Here are some of the regulatory and legal actions and developments of the last week of significance to broadcasters, with links to where you can go to find more information as to how these actions may affect your operations.

  • The FCC released two Public Notices tied to extreme weather events.
    • In one Notice, the FCC

The NAB recently announced that a majority of Congress has signed on to the Local Radio Freedom Act, the nonbinding resolution where Congressional representatives declare their opposition to the adoption of a broadcast performance royalty.  With that announcement, it is worth taking another look at what a broadcast performance royalty is and what might happen next.  We have been covering the arguments about a broadcast performance royalty for over 13 years, but it still bears consideration as I find that there are still broadcasters who do not fully understand the issues.

As we’ve written before, the royalties that broadcasters pay to ASCAP, BMI, SESAC and even GMR are paid for the public performance of musical compositions (or “musical works,” the words and music in a song).  These royalties are paid to the composers of music (and the copyright holders in the musical compositions, usually a publishing company). The broadcast performance royalty proposes that broadcasters also pay royalties for the public performance of sound recordings.  A sound recording is the actual recording of a musical composition by a singer or band.  Sound recording royalties are paid to the performers (and the copyright holders in the performances, usually the record labels). Broadcasters do pay these royalties now to SoundExchange when they stream their programming on the Internet. But in the US, other than digital audio services (like webcasters and music services like Pandora, Sirius XM, Spotify or Apple Music), over-the-air broadcasters and other businesses (like bars, restaurants, and retail establishments) who play sound recordings are not subject to a performance royalty for the performance of those sound recordings, though such royalties are paid in many other countries in the world.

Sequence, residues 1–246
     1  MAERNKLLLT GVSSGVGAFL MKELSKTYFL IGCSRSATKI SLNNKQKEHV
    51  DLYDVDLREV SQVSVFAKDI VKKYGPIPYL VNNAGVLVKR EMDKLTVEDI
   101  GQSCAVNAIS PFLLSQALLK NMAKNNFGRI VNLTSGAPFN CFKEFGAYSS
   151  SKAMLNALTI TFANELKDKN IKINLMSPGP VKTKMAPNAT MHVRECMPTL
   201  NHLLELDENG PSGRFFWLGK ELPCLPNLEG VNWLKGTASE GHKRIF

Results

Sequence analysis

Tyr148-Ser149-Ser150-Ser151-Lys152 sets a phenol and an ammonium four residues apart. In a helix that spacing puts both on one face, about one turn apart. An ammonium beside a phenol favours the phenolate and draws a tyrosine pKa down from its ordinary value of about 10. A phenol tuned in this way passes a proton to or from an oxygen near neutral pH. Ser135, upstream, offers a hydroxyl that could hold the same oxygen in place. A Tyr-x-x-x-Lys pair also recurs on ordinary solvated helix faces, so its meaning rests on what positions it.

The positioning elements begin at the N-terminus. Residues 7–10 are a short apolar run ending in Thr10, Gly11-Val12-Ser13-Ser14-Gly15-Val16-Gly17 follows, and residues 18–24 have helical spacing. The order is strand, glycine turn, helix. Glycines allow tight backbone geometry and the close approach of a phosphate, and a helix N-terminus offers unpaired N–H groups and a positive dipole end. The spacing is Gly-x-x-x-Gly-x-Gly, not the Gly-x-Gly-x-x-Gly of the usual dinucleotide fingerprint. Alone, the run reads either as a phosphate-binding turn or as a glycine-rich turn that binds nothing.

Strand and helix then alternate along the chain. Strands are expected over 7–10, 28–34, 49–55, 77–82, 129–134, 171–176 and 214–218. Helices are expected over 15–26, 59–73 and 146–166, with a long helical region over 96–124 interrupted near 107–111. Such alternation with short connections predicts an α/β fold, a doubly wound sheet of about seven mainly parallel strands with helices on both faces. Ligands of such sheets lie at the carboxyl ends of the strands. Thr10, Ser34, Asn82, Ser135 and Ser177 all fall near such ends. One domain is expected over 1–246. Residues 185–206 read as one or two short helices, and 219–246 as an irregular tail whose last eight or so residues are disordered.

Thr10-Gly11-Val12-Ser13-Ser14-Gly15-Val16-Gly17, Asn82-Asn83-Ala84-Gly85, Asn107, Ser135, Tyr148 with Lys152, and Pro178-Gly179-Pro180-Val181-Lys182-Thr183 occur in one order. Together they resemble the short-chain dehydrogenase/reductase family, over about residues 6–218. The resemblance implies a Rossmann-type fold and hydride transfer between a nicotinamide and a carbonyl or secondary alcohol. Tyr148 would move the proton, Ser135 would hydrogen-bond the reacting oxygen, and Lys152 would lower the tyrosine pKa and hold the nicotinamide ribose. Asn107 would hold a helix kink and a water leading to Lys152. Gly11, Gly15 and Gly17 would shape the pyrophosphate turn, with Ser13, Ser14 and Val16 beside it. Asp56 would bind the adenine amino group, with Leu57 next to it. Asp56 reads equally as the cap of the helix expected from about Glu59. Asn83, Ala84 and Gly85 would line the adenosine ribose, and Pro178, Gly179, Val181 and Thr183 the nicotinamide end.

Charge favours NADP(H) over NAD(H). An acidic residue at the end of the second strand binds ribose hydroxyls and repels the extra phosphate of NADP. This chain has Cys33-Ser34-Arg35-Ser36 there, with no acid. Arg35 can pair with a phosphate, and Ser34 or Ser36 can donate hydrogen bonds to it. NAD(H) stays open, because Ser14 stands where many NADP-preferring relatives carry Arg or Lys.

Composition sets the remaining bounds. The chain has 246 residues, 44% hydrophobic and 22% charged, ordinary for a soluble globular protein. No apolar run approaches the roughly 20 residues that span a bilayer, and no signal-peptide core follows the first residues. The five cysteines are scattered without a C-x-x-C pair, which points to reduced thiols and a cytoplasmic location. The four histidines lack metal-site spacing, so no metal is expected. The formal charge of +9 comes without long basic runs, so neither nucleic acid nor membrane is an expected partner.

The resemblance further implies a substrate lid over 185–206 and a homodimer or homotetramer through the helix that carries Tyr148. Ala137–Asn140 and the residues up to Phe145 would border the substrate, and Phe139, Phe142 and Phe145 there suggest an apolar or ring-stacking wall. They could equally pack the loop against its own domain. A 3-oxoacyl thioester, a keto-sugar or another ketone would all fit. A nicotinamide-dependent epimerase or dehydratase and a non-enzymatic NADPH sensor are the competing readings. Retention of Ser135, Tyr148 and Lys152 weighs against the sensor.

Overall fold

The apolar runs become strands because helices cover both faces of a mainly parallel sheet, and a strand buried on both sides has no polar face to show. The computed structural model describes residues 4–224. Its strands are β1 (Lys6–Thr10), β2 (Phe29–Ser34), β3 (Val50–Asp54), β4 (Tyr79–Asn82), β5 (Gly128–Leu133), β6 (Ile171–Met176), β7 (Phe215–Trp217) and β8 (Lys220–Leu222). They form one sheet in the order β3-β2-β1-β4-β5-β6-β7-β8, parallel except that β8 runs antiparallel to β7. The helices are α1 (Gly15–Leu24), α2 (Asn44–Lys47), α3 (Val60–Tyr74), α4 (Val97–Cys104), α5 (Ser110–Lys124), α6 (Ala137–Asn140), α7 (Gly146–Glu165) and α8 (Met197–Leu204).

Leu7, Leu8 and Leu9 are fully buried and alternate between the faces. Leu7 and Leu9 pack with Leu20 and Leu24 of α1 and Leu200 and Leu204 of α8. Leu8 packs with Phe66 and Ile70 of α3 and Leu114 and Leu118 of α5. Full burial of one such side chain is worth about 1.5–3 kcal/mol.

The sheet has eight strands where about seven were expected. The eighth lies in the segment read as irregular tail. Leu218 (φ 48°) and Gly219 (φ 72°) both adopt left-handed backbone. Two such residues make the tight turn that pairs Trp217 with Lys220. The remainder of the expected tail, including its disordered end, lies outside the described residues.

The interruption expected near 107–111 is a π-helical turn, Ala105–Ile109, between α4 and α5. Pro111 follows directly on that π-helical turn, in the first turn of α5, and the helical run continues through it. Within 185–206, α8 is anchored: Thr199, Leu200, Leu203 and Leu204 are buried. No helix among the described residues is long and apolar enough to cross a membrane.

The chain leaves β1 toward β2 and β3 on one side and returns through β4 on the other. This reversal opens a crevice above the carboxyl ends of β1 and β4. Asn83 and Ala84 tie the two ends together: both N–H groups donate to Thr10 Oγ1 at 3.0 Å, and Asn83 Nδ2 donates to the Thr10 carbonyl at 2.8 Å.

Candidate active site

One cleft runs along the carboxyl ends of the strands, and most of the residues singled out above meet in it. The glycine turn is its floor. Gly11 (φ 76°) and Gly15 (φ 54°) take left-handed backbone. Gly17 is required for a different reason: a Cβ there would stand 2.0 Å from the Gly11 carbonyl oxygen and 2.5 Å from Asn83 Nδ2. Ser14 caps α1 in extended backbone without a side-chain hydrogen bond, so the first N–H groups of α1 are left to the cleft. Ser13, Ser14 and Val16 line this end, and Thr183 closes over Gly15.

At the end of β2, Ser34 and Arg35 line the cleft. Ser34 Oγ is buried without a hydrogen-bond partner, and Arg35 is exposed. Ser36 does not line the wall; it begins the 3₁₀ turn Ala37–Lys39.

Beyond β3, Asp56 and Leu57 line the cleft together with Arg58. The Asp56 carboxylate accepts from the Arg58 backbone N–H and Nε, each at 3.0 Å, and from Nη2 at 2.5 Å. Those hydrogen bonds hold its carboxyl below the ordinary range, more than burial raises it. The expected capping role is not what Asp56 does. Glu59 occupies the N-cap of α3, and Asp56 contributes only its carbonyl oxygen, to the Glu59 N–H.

Continue Reading NAB Announces that a Majority in Congress Have Signed on to the Local Radio Freedom Act – A Look at the Broadcast Performance Royalty Debate

Almost every broadcaster and other media company uses digital and social media to reach their audiences with content and information that can be presented in ways different than those provided by their traditional platforms.  Whether it is simply maintaining a website or streaming audio or video or maintaining a social media presence to reach and

Here are some of the regulatory and legal developments of the last week of significance to broadcasters – and a look ahead to the FCC’s consideration of two media modernization items in the coming week.  Links are also provided for you to find more information on how these actions may affect your operations.

  • This week,

Here are some of the FCC regulatory, legal, and congressional actions of the last week—and music licensing action in the coming week—of significance to broadcasters, with links to where you can go to find more information as to how these actions may affect your operations.

  • The Media Bureau settled investigations into six major radio groups

Our friends at Edison Research recently released a study on music discovery highlighting the ways in which people discover new music.  Among their findings was that broadcast radio, YouTube and streaming services were among the largest sources for that discovery.  That report caused one radio trade publication to suggest that podcasts, which ranked relatively low among the places where new music is discovered, might have opportunities to grow there.  What that suggestion overlooks is one of the biggest reasons that music podcasts have not taken off – rights issues.  There still is no easy way to clear the rights to major label music – so most podcasts are limited to spoken word featuring limited, directly licensed music.

That comment made us think that we should re-run an article from earlier this year, that explained music rights in podcasts.  That article was prompted by the settlement between the Radio Music License Committee and BMI over music royalties for broadcasting.  While a press release about the settlement said that the BMI license includes the use of music in podcasts, we pointed out that radio stations should not assume that means that they can start to play popular music in their podcasts without obtaining the rights to that music directly from rightsholders.  They cannot, as BMI controls only a portion of the rights necessary to use music in podcasts and, without obtaining all of the remaining rights to that music, a podcaster using the music with only a BMI license is looking for a copyright infringement claim.